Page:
What is Intel Evo? The new mobile performance standard explained
(Pocket-lint) – Intel Evo is the chipmaker’s new specification for thin-and-light laptops and – thanks to the label shown above – should provide a guarantee of great mobile performance on laptops.
Intel unveiled Project Athena at CES in early 2019 but while Athena isn’t a consumer brand, Intel Evo is. It’s very much like what Intel did with Ultrabooks around a decade ago to revolutionise the thin and light PC laptop market in the wake of the launch of Apple’s MacBook Air in 2008.
What is Project Athena and Intel Evo?
Intel Evo is a brand you’ll see on ultraportable laptops that guarantees a certain level of performance – we’ve explained more detail on that below.
Project Athena was, essentially, the codename for this programme, but Intel says that Intel Evo laptops are “co-engineered and verified through Intel’s Project Athena innovation program”. In other words, it’s the process laptops go through to get the Intel Evo branding.
And what is that process? It’s basically a set of standards that Intel wants for laptops. Intel said its engineers will work with companies like HP, Dell, and many more to create laptops that meet its standards. It’ll even test them before they can become certified.
During 2020 we used a Project Athena-spec Dell XPS 13 2-in-1 and we have to say we’re extremely impressed. With the latest 10th generation Intel Core processors (now replaced by 11th generation under Intel Evo) and other accoutrements like all-day battery life, always-on and USB-C it simply zips along and has no problem driving our high-res display.
Intel’s former Ultrabook brand was always about go-anywhere devices that had top-notch Wi-Fi connectivity in days when Wi-Fi was a bit more of an inconsistent experience – the best part of a decade ago.
Nowadays though, it’s more about “do anything” as well as “go anywhere” – you really can have one laptop to rule them all. And, with 2-in-1, 360-degree flip laptops like this Dell XPS 13 2-in-1 that’s totally possible.
The idea is similar to Intel’s Ultrabook program that began in 2012 but with a much wider set of criteria. The original Ultrabook standards were based on getting the best battery performance in the smallest device possible. They had to meet exact standards for thinness, weight, responsiveness, and battery life.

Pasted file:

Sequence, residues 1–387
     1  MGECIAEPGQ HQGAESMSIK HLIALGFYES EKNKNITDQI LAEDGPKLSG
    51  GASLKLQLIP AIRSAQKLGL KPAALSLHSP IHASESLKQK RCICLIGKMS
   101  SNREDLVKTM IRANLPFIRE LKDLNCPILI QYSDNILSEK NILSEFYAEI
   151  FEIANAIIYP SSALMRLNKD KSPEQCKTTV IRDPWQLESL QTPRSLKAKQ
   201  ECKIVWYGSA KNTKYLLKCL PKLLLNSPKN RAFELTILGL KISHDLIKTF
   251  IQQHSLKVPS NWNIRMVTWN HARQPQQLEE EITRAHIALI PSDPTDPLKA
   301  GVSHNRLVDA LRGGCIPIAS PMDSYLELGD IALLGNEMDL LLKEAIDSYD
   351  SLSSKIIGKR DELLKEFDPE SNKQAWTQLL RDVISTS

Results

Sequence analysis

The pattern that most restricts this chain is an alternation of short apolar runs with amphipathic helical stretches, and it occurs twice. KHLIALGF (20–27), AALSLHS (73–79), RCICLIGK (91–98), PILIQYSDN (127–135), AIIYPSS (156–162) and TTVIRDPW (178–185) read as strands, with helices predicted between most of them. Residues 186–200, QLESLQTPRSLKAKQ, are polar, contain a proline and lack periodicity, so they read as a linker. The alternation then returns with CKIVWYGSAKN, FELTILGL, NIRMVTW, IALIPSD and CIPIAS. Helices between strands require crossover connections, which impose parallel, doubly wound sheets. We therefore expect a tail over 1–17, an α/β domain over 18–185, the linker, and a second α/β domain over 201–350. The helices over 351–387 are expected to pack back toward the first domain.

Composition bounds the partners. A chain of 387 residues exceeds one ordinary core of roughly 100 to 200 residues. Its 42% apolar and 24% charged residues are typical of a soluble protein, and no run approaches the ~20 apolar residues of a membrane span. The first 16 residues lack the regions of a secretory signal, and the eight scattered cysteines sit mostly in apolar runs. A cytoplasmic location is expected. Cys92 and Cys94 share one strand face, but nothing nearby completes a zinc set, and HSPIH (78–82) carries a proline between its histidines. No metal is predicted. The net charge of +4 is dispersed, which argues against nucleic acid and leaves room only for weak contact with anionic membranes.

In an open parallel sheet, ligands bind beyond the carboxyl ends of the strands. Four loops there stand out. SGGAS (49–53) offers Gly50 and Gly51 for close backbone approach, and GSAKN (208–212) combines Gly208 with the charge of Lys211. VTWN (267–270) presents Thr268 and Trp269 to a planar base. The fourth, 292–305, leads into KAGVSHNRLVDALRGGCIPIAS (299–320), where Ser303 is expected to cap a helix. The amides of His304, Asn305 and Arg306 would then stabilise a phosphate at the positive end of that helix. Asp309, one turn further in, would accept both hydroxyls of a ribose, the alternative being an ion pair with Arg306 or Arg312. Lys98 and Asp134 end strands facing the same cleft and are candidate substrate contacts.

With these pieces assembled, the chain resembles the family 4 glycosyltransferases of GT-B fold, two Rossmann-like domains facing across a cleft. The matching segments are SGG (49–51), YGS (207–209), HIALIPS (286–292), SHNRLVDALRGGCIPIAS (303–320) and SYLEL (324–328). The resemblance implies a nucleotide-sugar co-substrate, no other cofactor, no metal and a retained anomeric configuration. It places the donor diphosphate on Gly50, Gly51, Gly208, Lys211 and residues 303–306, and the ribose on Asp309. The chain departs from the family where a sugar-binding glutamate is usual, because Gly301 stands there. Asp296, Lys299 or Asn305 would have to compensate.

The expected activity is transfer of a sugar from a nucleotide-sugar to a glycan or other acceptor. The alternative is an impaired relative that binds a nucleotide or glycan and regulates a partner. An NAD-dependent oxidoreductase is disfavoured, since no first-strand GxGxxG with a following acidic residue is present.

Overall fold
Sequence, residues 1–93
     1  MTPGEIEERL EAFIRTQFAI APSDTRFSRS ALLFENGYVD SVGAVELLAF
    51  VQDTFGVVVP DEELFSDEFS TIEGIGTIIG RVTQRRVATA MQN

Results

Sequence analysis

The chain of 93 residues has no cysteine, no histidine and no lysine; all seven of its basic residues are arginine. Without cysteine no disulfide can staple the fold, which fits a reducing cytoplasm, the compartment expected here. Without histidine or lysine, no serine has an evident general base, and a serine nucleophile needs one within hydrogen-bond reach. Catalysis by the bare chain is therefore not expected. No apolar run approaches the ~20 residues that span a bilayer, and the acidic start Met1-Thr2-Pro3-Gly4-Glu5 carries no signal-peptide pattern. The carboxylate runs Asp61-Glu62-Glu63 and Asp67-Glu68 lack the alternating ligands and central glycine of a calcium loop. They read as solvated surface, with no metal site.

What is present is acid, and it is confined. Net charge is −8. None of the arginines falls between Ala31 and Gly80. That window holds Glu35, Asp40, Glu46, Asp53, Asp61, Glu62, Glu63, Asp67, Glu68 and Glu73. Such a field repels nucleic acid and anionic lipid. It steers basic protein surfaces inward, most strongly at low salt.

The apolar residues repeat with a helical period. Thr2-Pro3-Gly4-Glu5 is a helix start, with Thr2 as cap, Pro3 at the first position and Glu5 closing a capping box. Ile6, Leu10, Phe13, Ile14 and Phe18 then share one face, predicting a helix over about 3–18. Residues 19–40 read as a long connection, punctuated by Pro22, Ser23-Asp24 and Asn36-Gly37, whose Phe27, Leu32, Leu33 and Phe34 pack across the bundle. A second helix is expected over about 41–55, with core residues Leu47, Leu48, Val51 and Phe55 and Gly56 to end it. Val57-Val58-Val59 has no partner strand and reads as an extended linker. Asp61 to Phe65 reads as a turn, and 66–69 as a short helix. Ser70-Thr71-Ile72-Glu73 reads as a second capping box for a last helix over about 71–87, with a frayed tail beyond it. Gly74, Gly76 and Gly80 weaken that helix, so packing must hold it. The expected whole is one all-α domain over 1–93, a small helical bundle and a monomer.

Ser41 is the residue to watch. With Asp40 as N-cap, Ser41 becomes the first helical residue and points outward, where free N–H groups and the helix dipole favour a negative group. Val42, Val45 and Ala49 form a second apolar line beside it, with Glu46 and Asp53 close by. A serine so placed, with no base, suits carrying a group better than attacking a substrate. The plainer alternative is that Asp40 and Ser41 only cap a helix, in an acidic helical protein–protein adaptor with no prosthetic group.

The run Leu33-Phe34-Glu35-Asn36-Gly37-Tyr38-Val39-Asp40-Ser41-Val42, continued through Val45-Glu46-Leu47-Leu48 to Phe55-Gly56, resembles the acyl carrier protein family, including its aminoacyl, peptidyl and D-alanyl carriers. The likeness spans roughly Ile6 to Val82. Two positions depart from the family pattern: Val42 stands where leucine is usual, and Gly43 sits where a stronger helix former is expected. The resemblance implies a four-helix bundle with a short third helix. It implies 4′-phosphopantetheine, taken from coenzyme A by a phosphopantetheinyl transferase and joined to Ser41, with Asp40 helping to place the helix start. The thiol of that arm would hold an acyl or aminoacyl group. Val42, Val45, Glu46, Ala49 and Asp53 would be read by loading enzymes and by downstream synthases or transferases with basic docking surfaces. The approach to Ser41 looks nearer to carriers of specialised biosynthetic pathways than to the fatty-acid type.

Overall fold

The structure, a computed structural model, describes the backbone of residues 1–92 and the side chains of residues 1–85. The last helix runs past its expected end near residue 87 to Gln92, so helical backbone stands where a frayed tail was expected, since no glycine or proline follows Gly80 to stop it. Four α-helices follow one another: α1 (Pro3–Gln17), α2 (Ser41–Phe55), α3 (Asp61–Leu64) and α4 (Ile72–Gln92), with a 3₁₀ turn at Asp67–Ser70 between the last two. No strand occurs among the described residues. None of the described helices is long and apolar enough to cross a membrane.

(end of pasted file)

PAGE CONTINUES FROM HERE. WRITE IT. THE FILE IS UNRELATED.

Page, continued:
The result helped close the gap between Windows-powered laptops and MacBooks.
Within a couple of years, plastic PC rigs transformed into sleek metal beasts, with the likes of Dell XPS 13 and HP Spectre x360. All these, if they met Intel’s criteria at the time, were called Ultrabooks.
Now, Intel is trying this again with Evo in an effort to spur more innovation among premium laptop makers.
Is there an Intel Evo logo?
Yes there is – you can see it at the top of this article. Originally Intel told us there was no Project Athena brand or logo, but there is a ‘visual identifier’. Yes, that really is what they said. The logo or badge – as that’s what it is, see it below – said ‘engineered for mobile performance’ but appears to have been replaced by the Evo logo above.
What is the criteria for Project Athena certification?
Project Athena-certifieded laptops have to meet a range of specifications based on its design, battery, and hardware. There are six categories: instant action, performance and responsiveness, intelligence, battery life, connectivity, and form factor.
The biggest takeaway is that Intel Evo laptops will need to deliver nine hours of battery life. That includes while browsing the web over Wi-Fi and with the screen set to a level of brightness (250 nits).
So no more of this bogus “24-hour battery” promise – but only with Wi-Fi off and the lowest screen brightness. Intel said it put serious research behind the creation of its standards criteria.
It wanted to gauge what was most important to real-life laptop users both at home and in the workplace. It also plans to perform rigorous testing on each laptop seeking Project Athena certification.
Intel believes its criteria will actually satisfy modern users’ needs, and it’s going to make sure manufacturers don’t cheat them.
Here’s the full Project Athena 2.0 specification – the 1.0 version was for 10th generation Intel processors so the spec was revised.
The key things are:
- 11th generation Core processors with Intel X graphics
- Co-engineered with Intel
- Consistent responsiveness on battery.
- Wake from sleep in less than 1 second.
- 9 or more hours of real-world battery life on laptops with full HD display.
- 4 or more hours of battery life in a 30-minute charge on laptops with full HD display.
Which manufacturers make Intel Evo laptops?
Writing by Maggie Tillman and Dan Grabham. Originally published on .